The United States has closely supported the UAE’s military. According to a recent report by the Associated Press, it has interrogated UAE-held prisoners in Yemen, shared questions with UAE officials, and read transcripts from their interrogations. As UAE’s ally, the United States should have immediately called upon it to cooperate with the new Yemeni committee and grant access to all detention facilities.

The Yemeni committee could be an important starting point for curbing rampant abuses by UAE and UAE-backed forces, as well as forces aligned with the Hadi government, during security operations. It could also be an important sign from the Hadi government that it is beginning to take allegations of abuse against its own citizens seriously—even when those abuses are committed by its own forces or by its allies in the Saudi-led coalition.

Unfortunately, the Hadi government has given the committee a 15-day deadline and failed to include representatives of local organizations among the committee’s members. The government has not made clear whether the committee will be given the space to operate independently, to access formal and informal detention facilities, or to recommend prosecutions against the people responsible for abuses.

Bottom line: The committee will only be able to provide helpful answers to worried Yemeni families if the UAE and the United States cooperatively investigate alleged abuses.

That’s a tall order. The UAE has flatly denied responsibility for abuses, blaming the Yemeni government for detaining people and mistreating them. These denials fly in the face of our research.

Over and over, we heard that UAE officials ordered the continued detention of people despite release orders from parts of the country’s justice system that still functions; ran detention facilities where former detainees were allegedly tortured; provided intel, including lists of names of people to arrest, to Yemeni forces involved in abuses; and allegedly moved high-profile detainees out of the country.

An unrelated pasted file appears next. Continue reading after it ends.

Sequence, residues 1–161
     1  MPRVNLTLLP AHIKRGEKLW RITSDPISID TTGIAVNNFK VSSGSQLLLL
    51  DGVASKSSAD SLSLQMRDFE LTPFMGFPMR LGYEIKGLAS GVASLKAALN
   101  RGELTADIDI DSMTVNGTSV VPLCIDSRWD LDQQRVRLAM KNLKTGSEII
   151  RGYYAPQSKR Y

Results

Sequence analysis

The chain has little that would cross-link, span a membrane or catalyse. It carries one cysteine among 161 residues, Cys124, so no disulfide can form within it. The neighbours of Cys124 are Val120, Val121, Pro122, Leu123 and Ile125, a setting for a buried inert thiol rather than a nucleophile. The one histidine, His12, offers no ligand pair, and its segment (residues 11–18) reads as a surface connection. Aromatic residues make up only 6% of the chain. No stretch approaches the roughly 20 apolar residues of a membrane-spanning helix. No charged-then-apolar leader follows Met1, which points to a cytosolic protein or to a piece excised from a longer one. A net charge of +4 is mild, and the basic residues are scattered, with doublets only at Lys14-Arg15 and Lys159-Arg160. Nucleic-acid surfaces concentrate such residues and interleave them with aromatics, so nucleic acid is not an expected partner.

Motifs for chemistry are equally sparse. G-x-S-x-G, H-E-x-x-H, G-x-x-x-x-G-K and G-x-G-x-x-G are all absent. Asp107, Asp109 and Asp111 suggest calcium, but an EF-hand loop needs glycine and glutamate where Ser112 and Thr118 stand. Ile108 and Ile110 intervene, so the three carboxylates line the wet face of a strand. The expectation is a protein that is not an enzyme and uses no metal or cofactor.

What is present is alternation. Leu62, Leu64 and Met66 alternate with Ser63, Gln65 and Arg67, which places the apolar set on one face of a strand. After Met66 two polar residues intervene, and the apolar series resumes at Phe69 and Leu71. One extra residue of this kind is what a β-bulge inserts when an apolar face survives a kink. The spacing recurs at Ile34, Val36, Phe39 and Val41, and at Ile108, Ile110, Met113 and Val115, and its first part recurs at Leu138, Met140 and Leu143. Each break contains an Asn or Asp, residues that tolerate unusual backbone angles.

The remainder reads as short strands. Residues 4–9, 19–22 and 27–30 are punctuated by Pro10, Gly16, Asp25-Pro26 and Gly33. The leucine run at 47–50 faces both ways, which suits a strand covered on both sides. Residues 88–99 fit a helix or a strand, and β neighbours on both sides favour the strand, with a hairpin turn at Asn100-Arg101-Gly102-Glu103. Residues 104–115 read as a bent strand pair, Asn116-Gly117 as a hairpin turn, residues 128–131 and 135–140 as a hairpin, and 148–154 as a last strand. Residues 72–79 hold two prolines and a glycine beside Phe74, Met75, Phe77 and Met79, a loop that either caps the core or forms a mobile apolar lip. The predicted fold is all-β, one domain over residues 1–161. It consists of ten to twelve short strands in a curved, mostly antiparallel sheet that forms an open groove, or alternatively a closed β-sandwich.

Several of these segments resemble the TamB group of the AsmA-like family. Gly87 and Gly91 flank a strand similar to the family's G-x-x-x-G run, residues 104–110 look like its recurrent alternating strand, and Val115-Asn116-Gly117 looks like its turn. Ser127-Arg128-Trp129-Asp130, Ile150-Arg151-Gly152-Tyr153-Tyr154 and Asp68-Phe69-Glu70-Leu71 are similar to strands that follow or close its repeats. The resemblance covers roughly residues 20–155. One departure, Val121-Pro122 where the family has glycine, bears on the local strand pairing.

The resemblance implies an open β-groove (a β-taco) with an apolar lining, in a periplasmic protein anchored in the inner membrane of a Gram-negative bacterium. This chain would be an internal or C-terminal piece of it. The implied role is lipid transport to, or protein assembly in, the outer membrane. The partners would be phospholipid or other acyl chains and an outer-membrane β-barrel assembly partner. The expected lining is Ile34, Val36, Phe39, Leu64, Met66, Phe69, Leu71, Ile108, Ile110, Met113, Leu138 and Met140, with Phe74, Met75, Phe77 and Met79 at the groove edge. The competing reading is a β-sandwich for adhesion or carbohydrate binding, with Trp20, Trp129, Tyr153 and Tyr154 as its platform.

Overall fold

U.S. officials, including Michael Morell, the former acting director of the CIA, have billed the UAE as a “model” counterterrorism partner. Since evidence of UAE abuses and potential U.S. complicity came to light, the Trump Administration has not indicated whether it will investigate the role of U.S. personnel or press the UAE and its allies to desist from torture.

The ranking members of the Senate Armed Services Committee—Senators John McCain, Republican of Arizona, and Jack Reed, Democrat of Rhode Island—have written Defense Secretary James Mattis calling for an “immediate review of the facts.” Lawmakers should also work to exercise more effective oversight over U.S. involvement in the Yemen conflict—by holding investigatory hearings, for example. This is, after all, only the latest revelation regarding possible U.S. complicity in war crimes in Yemen.

Compelling governments to help investigate their own abuses is a hard sell. But the Yemeni committee can at least begin the long process of holding abusers responsible, and demanding concrete action to provide freedom, compensation, and justice for the many Yemenis mistreated in detention. Disappearing dozens of people, ripping families apart, and torturing detainees is neither a lawful nor an effective way to counter an armed opposition.